• Ajla Nice car.
  • Kwik_Shift_Pro4X Not at all.
  • Verbal Here's a little tale about long-term Tesla ownership.In 2017 my buddy bought a three year-old Model S for $68k, which was the going rate at the time. He kept it garaged and treated it with kid gloves. It looked and ran virtually like new. The only problem he ever had with it was some kind of recurring issue with the driver's door handle. He never had to replace the brakes.A couple months ago, at ten years of age, the original battery finally bricked. Tesla quoted him $17k to do a battery replacement. But! If he replaced the battery, they would give him $11k in trade on a new Tesla!!! You don't have to be a math genius to see that those are crooked numbers.Using aftermarket parts is a non starter. Rebuilt batteries can be sketch. And the cap that goes on the battery is a Tesla-only part.Most people don't have $17k burning a hole in their pocket for a car repair. What are you going to do? Ask your credit union for a $17k loan to put a new battery in your ten year-old car? Good luck with that.A local auto recycler quoted him $1000. The recycler said that if he replaced the battery, the car would have a resale value in the low $20k's. That wouldn't give him enough headroom to make it worth his while. He said there are 150,000 dead Teslas in the national inventory (don't know where he gets this figure). And there's no demand for used Tesla parts, since most Tesla owners seem to treat their cars well. So Teslas with dead batteries have marginal scrap value.Thus, my friend's Tesla, with 80k miles on the clock and in excellent condition, with a dead battery, was scrapped. During his ownership, the car depreciated by around $800 a month.He saved a lot of money by not paying for gas, oil changes, tune ups, and consumables. But in the end, all those saving were erased by huge depreciation.Welcome to long term Tesla ownership, folks.(Cue the wailing and rending of garments from the Tesla fanboyz.)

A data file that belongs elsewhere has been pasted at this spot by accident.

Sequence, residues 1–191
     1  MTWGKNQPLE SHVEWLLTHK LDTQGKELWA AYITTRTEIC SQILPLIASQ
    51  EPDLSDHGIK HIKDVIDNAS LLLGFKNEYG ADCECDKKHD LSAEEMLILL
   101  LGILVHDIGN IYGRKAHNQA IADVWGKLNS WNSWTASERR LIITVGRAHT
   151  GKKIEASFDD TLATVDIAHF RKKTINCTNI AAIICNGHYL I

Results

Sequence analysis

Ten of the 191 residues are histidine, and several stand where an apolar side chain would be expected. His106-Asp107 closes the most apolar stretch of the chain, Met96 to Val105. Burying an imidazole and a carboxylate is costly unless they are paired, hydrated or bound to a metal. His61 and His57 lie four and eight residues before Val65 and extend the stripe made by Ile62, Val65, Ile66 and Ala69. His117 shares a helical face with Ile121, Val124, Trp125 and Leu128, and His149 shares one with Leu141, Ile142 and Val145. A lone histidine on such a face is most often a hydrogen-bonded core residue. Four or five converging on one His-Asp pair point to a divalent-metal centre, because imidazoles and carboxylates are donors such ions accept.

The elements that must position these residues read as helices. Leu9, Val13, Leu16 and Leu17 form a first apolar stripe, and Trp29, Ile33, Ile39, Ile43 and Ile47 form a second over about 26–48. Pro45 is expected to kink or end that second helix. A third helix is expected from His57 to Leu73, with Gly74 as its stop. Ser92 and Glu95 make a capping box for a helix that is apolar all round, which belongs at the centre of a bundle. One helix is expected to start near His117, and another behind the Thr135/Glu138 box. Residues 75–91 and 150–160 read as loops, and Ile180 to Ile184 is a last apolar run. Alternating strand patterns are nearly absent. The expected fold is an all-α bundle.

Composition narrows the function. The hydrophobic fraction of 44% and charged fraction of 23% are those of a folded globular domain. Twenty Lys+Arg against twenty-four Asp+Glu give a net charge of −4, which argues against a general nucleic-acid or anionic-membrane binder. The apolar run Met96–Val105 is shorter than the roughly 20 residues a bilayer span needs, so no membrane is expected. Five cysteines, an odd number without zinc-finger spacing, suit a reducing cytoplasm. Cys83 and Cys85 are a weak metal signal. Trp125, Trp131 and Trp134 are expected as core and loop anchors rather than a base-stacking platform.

• Aja8888 My BIL had one of these years ago. great car!
  • Wjtinfwb Job cuts and EV's... is that a winning strategy? You're locked in to substantial labor expense after the UAW agreement signed a few months ago. And EV's ain't exactly flying off the shelves en masse. Get the new Charger out already, it's been teased more than the Bronco and Supra were combined. Get a real Hybrid option out for the RAM trucks and big Jeeps that consumers will buy. Consider bringing back a Gen 3 Hemi with an aluminum block, direct injection and perhaps a Hybrid option to counter the Toyota debacle and get a jump on GM. Dump the Hornet and build Dodge a version of the Jeep Compass they can actually sell. A Dodge with Alfa bones isn't compelling to either brands fans. Fix the Durango's oil cooler problems to avoid alienating police departments nationwide. Do you want every cop in the US driving an Explorer? Freshen up the Pacifica and get Chrysler a cool sedan or wagon that can create a buzz like the 300 did more than a decade ago. And fix your dealers, they are by a large jackasses. Plenty of opportunity for improvement.